As much as any other job, music can be a grind. With the hectic schedules that most independent bands set for themselves, making a living at it can really take its toll. Matthew Woodward, the drummer for Montreal’s Plants and Animals, sounds like he’s been touring for months. The band — composed of Woodward, guitarist/bassist/jack of all trades Nic Basque and lead vocalist Warren Spicer — just performed a hectic five shows in three days at SXSW. Their time at the festival didn’t allow the band to slow down, said Woodward.
This Sunday marks another year of high stakes collision on the gridiron with two staunch rivals leaving it all on the field. In the grand tradition of organized football, the two best teams in the league will take the field, and play their hearts out to prove once and for all who is top dog. The eighth annual Puppy Bowl kicks off Sunday Feb. 5 on Animal Planet and it promises to be just as heated, intense and confusing as the previous years. There aren’t many rules to the Puppy Bowl, but it involves 10 adorable puppies at a time taking to a miniature football field with the hopes of dragging a chew-toy across the goal line — or falling asleep.
The Black Keys may be single-handedly keeping blues rock out of the poor house. While in recent years there have been other heavies emerging in the genre, the undeniable leader of the pack is still this two-man outfit from Akron, Ohio. However, it’s getting harder to keep them rooted in the genre they’re accustomed to.
As a fan of Canadian music, and of independent artists, I always make a point of revisiting old favourites. With David Myles, I was a steadfast fan from the start. Over his career, he has released a series of steadily-improving albums that all represented his talents and style well. This is why I found his most recent album so disappointing.
The only people who would disagree that racial equality is a positive force and a worthy cause are awful, so it would be really cool if I wasn’t automatically grouped in with them because I happen to come from a coastal region in Scandinavia where humans have white skin.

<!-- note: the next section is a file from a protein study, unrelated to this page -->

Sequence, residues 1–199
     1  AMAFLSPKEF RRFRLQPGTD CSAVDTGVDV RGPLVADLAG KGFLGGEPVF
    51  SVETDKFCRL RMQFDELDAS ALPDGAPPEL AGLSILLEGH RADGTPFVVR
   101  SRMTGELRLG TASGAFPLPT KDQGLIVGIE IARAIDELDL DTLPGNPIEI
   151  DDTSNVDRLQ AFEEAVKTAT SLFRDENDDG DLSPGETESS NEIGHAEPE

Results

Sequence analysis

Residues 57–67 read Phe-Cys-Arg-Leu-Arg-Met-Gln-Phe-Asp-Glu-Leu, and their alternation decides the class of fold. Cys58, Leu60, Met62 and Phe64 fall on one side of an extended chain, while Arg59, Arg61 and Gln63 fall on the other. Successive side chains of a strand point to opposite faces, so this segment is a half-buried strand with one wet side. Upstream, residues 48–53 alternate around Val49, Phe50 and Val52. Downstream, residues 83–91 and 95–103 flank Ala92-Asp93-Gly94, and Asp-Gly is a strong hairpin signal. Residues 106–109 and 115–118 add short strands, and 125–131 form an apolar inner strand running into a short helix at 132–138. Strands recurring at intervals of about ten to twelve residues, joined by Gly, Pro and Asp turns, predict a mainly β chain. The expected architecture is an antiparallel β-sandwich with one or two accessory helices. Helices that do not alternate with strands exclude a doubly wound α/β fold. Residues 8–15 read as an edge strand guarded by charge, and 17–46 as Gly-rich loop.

I learned very early on that a girl can hurt you physically, and that they'll probably beat you at most things. In short, I learned that the only difference between men and women was a matter of anatomy; that equality was a reality and that it was something I should respect and promote. It wasn't until high school that I was informed by a helpful group of Radical feminists that I was a cancer upon the earth.
In Beats, Rhymes & Life: The Travels of A Tribe Called Quest director Michael Rapaport documents the travails of the group, interviewing group members Q-Tip, Phife Dawg, DJ Ali Shaheed Muhammad and occasional member Jarobi White to tell their tale.
Canada's national identity is a tricky thing to pin down. If you go looking for an explanation, the odds are it won't be the same for any two people you ask ”” if you get an answer at all. Trying to explain the defining characteristic of the Canadian experience is like a layman trying to explain the big bang theory. It starts out strong, maybe they mention quarks or the words “quantum physics,” but then it breaks down into a laundry list of terms and everyone is left confused and unsatisfied. Most of the time you can get as far as saying that we're a “mosaic culture,” or that we're multicultural, and you wouldn't be wrong but you wouldn't have really answered the question.